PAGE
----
This is much higher than their usual $30,000 to $50,000 signing bonus.
Walgreens made a public statement saying this is only one of many steps they’re taking to address the pharmacy staffing issue they’re facing.
Job seekers aren’t looking for a job for fun – candidates want and need to be paid fairly, so make your salary and benefits attractive. You won’t get top talent by paying below-average wages.
If candidates want to apply for a job quickly, you can bet they also want a quick description.
Job seekers are much more likely to navigate away from the page if the description looks more like a thesis than a job ad.
Job descriptions under 300 words do much better than longer ones.
Short job descriptions attract more applicants and put off fewer people with an impossible list of “requirements.”
Plus, listing a necessary proficiency level doesn’t do as much as you think. People have different ideas of “intermediate” and “expert.”
Your online skills assessments are a better place to check for the necessary skill set than the job description. Instead of listing arbitrary requirements like “the ability to process XYZ amount of data in 10 minutes,” test them directly with a Working with Data test and a Time Management test.
Incredibly detailed job descriptions always have a chance to attract unqualified candidates, but what’s worse is that they can put off qualified candidates.
If an applicant thinks that they can’t process that much data (even though they can), they won’t even bother applying.
More and more candidates are searching for a company with clear values, strong beliefs, and solid organizational culture.
People will want to work for you if they feel like they can live their personal values in your organization and make a real difference when employed.
A great example is from Virgin Atlantic, a UK airline company, which had job applications increase by 100% after scrapping its gender-based dress code.
This loudly proclaimed to all potential candidates that Virgin Atlantic is forward-thinking, gender-inclusive, and LGBTQIA-positive.
Everyone would love to work for a company that shares their beliefs and vision, but some candidates insist on it. One study showed that 49% of Gen Z would not accept a job offer from a company whose values do not align with their own.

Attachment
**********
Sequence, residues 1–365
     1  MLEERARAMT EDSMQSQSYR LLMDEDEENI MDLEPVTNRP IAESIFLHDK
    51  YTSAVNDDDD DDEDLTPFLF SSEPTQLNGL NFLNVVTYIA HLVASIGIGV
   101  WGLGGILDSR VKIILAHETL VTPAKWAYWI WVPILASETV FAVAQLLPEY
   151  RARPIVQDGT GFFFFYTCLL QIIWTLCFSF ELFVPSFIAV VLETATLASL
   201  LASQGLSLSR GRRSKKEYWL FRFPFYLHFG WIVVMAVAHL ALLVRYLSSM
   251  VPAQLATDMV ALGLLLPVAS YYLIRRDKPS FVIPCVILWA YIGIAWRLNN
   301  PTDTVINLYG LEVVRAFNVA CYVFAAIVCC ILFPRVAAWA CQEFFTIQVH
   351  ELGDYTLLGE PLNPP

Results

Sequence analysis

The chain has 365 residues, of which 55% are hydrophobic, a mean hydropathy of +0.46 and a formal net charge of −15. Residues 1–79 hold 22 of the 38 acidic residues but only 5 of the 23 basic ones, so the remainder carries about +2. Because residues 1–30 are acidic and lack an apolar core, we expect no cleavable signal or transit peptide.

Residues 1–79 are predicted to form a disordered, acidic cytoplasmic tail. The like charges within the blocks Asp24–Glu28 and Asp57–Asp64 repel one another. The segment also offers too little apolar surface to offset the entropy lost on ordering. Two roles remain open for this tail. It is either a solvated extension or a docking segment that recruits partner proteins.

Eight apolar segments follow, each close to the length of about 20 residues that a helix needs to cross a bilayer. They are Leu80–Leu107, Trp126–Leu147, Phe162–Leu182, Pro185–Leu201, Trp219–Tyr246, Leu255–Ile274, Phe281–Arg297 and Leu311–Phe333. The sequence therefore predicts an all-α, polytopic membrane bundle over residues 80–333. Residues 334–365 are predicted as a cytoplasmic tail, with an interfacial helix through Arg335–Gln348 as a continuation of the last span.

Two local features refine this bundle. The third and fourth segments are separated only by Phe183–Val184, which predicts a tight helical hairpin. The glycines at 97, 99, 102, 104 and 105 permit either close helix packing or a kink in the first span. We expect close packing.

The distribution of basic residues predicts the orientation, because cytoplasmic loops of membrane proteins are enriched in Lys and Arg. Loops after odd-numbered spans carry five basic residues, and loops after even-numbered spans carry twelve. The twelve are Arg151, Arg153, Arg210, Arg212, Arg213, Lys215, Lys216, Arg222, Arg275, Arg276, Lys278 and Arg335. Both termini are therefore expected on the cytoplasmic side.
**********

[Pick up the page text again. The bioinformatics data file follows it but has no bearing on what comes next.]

Candidates want a company they can be proud to be a part of – one that they know is aligned with everything they stand for. So wear your heart on your sleeve for candidates to see.
Your brand and online reputation matter.
Candidates will check up on and research your organization, so ensure you’re displaying the image you want to show.
This includes values, qualities, ethics, and attitude.
Here are a few ways to build a great reputation that mirrors your company values and culture:
Adapt an employee-influencer program: An initiative to turn employees into social media influencers to display life at your organization
Show your culture in your recruiting emails: Recruitment email marketing enables you to slowly nurture a relationship with candidates and shows them your company culture
Create solid brand guidelines: Build and follow brand guidelines to ensure all your social media, your official website, and any in-person recruitment efforts show the same attitude and values
It’s important that your brand has a powerful and consistent story, so tell your candidates what you stand for, why, and what you’ve accomplished so far, like how TestGorilla now has 100 employees – all hired with skills-based hiring.
You get more applicants for a job if the job ad is posted in more places.
Simple, but true.
You can reach a wider range of applicants by posting job ads on a variety of channels, such as:
Your company website: An obvious spot, but it bears mentioning to make your career’s page attractive and easy to navigate
Job boards: Don’t only stick to the usual job boards, such as Indeed and Monster; try industry-specific career sites too, like Behance for creative roles